Today we have seen the Pound surge higher against the Euro and other currencies, after the Brexit Secretary David Davis hinted that they may consider paying in to the EU budget in order to secure access to the single market. He made the comment in an answer to a question in the house of commons (see below). Despite some poor economic data this morning, Sterling has risen significantly, demonstrating that it’s politics rather than fundamentals that is currently driving the Pound. Here’s how GBP/EUR has moved over the course of the last month:
What caused the Pound to rise?
This morning the Labour MP Wayne David asked in the commons “Will the government consider making any contribution in any shape or form for access to the single market?”
David Davis replied: “The major criterion here is that we get the best possible access for goods and services to the European market – and if that is included in what you are talking about, then of course we will consider it.”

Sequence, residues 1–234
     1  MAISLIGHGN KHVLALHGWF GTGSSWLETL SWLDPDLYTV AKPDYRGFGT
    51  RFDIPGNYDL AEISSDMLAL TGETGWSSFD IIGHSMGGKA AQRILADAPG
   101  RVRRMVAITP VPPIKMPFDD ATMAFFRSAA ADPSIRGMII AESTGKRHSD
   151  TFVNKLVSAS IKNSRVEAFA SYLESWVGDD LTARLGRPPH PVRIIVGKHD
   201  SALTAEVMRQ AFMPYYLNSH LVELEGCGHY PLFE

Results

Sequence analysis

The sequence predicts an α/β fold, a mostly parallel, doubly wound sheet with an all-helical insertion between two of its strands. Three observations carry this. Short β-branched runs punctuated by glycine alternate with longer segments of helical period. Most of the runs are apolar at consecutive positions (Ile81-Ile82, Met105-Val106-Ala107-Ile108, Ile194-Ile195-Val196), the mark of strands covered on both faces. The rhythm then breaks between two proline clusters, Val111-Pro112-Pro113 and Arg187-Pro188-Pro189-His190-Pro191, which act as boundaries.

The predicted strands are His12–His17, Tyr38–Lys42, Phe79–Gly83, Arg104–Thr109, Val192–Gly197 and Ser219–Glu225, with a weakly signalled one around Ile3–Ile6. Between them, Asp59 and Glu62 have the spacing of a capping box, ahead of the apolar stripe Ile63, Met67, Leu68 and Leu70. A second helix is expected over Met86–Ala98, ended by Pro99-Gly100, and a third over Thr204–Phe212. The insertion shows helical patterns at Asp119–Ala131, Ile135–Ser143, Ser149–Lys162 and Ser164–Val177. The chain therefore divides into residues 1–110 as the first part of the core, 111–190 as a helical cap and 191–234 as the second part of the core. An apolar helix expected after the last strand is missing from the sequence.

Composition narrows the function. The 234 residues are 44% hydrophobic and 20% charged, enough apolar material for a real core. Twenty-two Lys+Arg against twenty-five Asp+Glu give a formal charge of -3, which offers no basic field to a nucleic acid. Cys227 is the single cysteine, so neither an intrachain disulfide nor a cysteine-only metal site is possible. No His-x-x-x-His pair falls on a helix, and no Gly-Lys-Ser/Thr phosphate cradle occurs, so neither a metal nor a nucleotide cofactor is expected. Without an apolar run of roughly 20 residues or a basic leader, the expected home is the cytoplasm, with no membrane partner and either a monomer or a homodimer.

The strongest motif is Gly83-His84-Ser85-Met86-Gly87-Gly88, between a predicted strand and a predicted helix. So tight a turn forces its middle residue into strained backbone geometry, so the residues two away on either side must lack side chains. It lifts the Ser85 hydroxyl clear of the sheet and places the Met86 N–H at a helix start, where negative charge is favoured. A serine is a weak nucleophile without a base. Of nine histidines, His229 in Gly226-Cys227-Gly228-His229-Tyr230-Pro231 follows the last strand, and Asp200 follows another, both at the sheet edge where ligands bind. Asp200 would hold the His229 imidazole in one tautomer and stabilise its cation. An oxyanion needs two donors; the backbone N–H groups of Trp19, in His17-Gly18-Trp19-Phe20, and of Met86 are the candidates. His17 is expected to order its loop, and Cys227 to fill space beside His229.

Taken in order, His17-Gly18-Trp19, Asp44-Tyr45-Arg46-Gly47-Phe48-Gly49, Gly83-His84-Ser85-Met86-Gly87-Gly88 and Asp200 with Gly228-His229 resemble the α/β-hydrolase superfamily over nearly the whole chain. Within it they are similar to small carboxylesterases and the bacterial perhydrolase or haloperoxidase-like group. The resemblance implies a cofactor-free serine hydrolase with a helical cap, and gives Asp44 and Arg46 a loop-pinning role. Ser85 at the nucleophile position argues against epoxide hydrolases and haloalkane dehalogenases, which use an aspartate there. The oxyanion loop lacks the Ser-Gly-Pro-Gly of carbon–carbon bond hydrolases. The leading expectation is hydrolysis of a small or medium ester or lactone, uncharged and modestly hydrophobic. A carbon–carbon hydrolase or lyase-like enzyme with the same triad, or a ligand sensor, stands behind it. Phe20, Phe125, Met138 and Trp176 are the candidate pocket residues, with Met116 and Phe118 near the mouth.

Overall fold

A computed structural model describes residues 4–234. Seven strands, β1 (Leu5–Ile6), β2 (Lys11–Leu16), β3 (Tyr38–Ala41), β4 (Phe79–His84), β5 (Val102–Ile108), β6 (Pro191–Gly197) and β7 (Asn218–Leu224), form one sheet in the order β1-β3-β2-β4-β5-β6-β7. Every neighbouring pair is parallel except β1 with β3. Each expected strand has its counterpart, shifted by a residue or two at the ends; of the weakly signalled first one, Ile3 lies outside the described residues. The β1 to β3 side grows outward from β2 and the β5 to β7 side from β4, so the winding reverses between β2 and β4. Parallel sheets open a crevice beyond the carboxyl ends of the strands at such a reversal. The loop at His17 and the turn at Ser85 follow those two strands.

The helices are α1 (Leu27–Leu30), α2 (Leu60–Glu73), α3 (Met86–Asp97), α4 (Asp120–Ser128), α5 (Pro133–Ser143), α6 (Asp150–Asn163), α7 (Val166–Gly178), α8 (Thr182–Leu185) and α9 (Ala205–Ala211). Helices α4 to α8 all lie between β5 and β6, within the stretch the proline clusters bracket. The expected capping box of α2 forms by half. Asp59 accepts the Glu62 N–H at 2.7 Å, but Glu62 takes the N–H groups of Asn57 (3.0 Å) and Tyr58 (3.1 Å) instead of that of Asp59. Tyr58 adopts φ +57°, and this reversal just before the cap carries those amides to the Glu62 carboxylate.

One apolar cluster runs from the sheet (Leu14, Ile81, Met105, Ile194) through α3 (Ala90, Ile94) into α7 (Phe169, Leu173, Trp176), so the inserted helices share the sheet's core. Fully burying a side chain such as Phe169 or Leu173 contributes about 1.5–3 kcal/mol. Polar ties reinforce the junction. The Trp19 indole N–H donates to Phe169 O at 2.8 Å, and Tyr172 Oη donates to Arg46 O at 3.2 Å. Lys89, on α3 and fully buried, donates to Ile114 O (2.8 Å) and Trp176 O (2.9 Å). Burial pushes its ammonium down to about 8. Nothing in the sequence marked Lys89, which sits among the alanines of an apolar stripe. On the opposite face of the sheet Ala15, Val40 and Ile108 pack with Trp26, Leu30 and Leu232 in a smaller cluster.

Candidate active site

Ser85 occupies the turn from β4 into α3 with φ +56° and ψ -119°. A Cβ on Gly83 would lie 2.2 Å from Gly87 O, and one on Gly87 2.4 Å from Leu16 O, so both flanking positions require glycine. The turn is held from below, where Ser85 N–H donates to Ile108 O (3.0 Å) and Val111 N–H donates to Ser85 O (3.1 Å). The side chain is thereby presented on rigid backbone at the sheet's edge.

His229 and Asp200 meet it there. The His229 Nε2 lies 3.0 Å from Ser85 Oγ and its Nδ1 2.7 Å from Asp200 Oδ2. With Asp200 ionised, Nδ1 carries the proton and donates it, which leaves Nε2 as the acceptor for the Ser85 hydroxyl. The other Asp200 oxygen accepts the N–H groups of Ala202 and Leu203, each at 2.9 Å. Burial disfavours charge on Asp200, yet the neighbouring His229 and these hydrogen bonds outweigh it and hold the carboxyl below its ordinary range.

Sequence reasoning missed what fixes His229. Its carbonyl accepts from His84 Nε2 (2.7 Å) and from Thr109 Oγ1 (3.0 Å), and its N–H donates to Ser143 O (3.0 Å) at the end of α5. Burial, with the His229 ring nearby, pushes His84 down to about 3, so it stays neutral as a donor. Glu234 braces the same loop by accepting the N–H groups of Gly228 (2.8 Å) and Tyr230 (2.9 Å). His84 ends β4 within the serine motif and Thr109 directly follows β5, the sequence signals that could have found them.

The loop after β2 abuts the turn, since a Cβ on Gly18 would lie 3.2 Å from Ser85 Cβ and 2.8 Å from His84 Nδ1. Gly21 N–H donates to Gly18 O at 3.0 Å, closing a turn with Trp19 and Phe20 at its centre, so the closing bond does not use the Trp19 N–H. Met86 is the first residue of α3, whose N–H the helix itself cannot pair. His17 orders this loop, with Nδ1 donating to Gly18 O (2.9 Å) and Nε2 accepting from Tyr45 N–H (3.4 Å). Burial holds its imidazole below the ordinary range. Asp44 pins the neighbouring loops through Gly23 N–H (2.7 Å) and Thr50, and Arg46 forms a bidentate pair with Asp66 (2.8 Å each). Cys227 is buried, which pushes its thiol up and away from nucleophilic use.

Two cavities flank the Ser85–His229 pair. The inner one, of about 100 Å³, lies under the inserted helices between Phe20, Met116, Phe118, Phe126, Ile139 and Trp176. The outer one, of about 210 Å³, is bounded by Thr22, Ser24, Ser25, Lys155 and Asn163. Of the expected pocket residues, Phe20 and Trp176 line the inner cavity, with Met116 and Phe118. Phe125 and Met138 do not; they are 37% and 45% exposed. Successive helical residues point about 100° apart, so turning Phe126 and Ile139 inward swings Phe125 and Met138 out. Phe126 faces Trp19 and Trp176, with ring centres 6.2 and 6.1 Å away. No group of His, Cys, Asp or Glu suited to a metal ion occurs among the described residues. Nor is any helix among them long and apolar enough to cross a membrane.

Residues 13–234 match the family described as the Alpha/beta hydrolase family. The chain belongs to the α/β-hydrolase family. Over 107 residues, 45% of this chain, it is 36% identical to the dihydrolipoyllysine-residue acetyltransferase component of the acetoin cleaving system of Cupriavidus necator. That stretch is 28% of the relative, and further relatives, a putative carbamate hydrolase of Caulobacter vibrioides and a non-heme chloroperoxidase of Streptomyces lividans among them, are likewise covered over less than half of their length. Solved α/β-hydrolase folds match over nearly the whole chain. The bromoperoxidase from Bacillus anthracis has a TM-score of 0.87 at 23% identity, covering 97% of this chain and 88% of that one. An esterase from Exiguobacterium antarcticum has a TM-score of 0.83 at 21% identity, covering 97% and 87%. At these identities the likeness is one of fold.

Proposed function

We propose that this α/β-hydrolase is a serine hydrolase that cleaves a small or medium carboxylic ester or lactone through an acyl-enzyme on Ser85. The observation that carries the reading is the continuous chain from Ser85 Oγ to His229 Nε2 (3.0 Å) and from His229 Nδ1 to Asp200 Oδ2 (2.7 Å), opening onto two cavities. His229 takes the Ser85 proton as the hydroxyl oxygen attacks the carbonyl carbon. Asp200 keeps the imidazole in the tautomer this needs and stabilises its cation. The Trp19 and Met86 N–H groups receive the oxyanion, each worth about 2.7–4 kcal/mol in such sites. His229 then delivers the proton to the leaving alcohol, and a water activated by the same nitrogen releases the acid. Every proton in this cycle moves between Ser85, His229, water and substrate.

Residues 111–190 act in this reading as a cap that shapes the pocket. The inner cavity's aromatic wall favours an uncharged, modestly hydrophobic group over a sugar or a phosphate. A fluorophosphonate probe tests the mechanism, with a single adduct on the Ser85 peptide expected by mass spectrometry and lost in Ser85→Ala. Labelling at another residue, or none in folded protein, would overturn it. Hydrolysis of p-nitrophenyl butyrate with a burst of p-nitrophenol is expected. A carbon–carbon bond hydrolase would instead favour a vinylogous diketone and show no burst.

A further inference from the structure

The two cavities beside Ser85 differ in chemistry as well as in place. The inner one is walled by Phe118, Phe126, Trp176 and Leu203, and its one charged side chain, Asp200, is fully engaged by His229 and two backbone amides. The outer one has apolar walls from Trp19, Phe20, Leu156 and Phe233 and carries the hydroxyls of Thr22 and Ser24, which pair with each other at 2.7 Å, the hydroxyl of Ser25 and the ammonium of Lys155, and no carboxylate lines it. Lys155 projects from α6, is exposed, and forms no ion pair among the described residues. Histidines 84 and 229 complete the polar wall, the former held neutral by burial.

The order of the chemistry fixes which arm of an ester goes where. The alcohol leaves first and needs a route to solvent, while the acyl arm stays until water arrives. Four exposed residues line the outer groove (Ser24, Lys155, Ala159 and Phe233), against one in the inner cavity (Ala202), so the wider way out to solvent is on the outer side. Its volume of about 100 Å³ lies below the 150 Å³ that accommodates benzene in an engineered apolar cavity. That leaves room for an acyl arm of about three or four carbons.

That’s it. That statement caused the huge gains seen the charts above. It doesn’t really change much and I’m quite surprised that the Pound has risen so much on the back of a handful of words that don’t really provide any new information. I think the market has overreacted to this, and I think the rate will come back down pretty soon. Anyway, as you can see, it’s a huge rise of almost 10 cents in a month, and the Pound/Euro is now around a 3 month high. The currency markets are unpredictable at the best of times, but in the current climate, even more so.
To put the last months gains in to monetary terms, those looking to purchase a €350,000.00 property in France or Spain, have effectively seen it become £22,000 cheaper over the course of a month, highlighting how quickly exchange rates can change.
Will the Pound continue going higher?
It is of course impossible to predict exchange rates, however such a large price adjustment is likely to be unsustainable. Just one comment from an MP has sent the Pound surging to 3 month highs vs the Euro, and another comment from government could send things back down into the €1.16’s again where rates were yesterday. If you need to buy Euros, it’s certainly worth considering getting a rate fixed while it is so high. It may go higher still of course, but equally it could very quickly drop back away at any moment. If the Italian referendum is a ‘Yes’ on Sunday, then the Euro could regain strength and pull rates back down.
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